Nottingham 'went too far' with flats

Too many flats have been built in Nottingham, the city's councillor in charge of planning has admitted.

More than 300 flats are vacant in the city, according to the Labour-run authority's figures.

Councillor Dave Liversidge said the council was now changing its planning rules to encourage the building of family housing.

The surplus had led to a high number of repossessions as landlords failed to let flats, an estate agent said.

Boom and bust

Mr Liversidge said: "There was a frenzy two or three years ago to build more and more flats.

"We were encouraging building and the market took over.

"We went too far with the number of flats in city centre."

The council has submitted plans to the government to build hundreds of council homes over the next six years.

Mr Liversidge added: "There are plenty of sites across the city where we can build two and three homes together, bits of land that the council owns and bits of land that are derelict."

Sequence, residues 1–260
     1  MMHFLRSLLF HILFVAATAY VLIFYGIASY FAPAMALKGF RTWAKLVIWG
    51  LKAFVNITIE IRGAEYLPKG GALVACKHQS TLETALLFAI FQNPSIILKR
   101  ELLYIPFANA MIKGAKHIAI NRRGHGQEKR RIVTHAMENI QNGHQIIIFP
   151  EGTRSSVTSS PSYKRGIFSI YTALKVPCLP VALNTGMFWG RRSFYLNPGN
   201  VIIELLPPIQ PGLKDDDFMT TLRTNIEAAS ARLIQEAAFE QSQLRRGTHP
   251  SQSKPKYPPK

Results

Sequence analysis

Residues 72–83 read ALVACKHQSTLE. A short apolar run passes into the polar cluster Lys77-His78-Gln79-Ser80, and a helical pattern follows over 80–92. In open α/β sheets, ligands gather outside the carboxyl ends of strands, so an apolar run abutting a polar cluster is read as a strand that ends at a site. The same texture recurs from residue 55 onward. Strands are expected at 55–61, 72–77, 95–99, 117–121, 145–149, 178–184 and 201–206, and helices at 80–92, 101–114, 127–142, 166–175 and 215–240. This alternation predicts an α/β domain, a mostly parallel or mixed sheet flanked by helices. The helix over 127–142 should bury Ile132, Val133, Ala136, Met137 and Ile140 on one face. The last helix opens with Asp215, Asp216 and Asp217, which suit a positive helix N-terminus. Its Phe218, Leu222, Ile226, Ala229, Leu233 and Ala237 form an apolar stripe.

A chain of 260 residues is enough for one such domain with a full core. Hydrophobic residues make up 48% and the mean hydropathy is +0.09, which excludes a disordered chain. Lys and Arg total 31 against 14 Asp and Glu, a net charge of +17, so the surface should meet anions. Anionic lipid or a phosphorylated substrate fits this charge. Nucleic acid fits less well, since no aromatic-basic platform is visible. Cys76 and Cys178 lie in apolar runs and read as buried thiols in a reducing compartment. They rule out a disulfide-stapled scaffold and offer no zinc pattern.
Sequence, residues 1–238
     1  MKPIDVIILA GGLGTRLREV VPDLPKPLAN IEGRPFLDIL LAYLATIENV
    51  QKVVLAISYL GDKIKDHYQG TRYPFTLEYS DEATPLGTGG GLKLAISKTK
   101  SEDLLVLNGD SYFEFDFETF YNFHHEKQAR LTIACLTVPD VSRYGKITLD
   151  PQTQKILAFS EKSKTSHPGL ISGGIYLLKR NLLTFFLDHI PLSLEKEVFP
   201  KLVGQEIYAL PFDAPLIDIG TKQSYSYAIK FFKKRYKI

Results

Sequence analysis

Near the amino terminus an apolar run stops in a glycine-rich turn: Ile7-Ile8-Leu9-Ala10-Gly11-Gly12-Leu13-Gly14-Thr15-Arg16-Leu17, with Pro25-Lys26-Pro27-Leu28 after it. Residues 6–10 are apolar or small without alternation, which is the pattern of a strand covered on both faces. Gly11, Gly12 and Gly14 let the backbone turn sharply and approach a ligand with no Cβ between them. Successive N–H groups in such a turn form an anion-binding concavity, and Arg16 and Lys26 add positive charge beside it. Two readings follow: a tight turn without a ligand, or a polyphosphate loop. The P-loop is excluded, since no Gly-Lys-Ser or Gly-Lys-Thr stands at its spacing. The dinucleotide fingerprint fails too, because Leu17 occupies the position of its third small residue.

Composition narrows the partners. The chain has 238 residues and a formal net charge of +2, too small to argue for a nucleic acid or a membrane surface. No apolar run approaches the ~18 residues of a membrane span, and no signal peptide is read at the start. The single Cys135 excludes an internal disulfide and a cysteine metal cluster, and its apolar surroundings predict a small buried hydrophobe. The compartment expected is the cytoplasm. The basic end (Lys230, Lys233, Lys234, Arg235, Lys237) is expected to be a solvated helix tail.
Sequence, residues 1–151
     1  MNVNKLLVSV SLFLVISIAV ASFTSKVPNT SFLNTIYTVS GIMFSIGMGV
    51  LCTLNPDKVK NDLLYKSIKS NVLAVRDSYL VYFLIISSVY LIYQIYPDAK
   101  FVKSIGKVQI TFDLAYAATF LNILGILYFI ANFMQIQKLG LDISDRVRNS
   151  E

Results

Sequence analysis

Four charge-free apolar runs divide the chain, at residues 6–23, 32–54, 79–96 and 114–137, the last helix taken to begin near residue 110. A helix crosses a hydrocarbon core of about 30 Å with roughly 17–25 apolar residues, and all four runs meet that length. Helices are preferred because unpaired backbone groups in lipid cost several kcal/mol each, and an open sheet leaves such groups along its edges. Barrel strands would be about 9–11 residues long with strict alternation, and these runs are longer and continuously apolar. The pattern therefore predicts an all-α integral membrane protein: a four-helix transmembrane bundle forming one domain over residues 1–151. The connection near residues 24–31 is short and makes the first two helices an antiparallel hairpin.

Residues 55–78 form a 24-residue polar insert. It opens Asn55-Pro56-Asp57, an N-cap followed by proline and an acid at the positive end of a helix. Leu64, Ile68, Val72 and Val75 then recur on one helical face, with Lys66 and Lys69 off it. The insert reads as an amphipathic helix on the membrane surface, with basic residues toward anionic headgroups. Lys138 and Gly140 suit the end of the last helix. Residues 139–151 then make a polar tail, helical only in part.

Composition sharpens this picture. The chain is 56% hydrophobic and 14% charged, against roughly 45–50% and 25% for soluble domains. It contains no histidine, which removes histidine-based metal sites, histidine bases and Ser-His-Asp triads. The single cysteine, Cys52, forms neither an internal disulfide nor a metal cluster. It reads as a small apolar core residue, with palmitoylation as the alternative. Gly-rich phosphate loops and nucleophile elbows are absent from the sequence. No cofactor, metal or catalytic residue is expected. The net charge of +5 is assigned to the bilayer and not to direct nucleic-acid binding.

Nottingham estate agent Paul Perriam said some landlords who bought at the height of the housing market had also suffered the consequences.

"There have been quite a lot of repossessions because people have bought at the height of the market in late 2007 and they have realised they can't always let the properties when they expect to.

"They've not been able to meet the mortgage payments and the banks have moved in and repossessed quite a number of apartments."

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